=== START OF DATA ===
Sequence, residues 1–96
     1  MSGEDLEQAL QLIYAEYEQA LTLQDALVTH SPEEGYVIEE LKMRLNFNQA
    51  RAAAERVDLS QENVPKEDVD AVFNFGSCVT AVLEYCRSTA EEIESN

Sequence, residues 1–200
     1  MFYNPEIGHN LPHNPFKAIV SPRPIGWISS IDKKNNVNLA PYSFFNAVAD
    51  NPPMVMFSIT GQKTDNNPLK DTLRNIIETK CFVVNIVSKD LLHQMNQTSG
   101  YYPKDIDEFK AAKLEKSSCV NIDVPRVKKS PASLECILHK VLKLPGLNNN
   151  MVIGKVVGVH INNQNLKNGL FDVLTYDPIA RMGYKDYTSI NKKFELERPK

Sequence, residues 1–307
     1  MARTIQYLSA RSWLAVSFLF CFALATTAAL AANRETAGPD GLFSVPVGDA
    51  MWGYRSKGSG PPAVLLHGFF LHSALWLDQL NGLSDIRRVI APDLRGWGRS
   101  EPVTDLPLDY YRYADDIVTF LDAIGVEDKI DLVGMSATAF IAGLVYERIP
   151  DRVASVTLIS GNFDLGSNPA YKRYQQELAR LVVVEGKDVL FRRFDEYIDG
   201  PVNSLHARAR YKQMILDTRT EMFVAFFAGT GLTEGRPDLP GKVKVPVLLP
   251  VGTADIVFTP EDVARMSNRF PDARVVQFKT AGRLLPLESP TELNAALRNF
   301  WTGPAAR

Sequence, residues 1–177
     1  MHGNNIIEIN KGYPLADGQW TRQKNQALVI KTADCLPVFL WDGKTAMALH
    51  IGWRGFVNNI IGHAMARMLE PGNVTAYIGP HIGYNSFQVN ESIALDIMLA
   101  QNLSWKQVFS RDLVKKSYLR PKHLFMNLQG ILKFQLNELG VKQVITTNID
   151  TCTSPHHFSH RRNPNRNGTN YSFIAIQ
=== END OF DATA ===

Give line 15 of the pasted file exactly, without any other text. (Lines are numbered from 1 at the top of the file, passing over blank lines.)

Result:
   251  VGTADIVFTP EDVARMSNRF PDARVVQFKT AGRLLPLESP TELNAALRNF